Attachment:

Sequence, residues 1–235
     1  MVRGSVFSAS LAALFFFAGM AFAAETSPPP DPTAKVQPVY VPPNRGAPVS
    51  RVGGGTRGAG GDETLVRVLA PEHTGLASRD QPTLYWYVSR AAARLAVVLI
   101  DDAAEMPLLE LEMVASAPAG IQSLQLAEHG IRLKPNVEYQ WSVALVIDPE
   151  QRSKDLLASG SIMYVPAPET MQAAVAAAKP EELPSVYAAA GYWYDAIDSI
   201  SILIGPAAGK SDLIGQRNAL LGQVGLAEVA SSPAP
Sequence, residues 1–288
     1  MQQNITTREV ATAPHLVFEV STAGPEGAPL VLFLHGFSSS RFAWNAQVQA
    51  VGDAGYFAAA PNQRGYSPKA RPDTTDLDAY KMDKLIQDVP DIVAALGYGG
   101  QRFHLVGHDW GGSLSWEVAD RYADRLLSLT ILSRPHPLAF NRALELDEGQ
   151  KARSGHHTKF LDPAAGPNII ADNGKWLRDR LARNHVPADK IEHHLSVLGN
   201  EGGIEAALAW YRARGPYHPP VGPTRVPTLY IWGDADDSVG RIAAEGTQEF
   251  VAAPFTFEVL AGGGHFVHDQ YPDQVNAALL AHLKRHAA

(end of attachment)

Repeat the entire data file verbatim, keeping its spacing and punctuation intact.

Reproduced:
Sequence, residues 1–235
     1  MVRGSVFSAS LAALFFFAGM AFAAETSPPP DPTAKVQPVY VPPNRGAPVS
    51  RVGGGTRGAG GDETLVRVLA PEHTGLASRD QPTLYWYVSR AAARLAVVLI
   101  DDAAEMPLLE LEMVASAPAG IQSLQLAEHG IRLKPNVEYQ WSVALVIDPE
   151  QRSKDLLASG SIMYVPAPET MQAAVAAAKP EELPSVYAAA GYWYDAIDSI
   201  SILIGPAAGK SDLIGQRNAL LGQVGLAEVA SSPAP
Sequence, residues 1–288
     1  MQQNITTREV ATAPHLVFEV STAGPEGAPL VLFLHGFSSS RFAWNAQVQA
    51  VGDAGYFAAA PNQRGYSPKA RPDTTDLDAY KMDKLIQDVP DIVAALGYGG
   101  QRFHLVGHDW GGSLSWEVAD RYADRLLSLT ILSRPHPLAF NRALELDEGQ
   151  KARSGHHTKF LDPAAGPNII ADNGKWLRDR LARNHVPADK IEHHLSVLGN
   201  EGGIEAALAW YRARGPYHPP VGPTRVPTLY IWGDADDSVG RIAAEGTQEF
   251  VAAPFTFEVL AGGGHFVHDQ YPDQVNAALL AHLKRHAA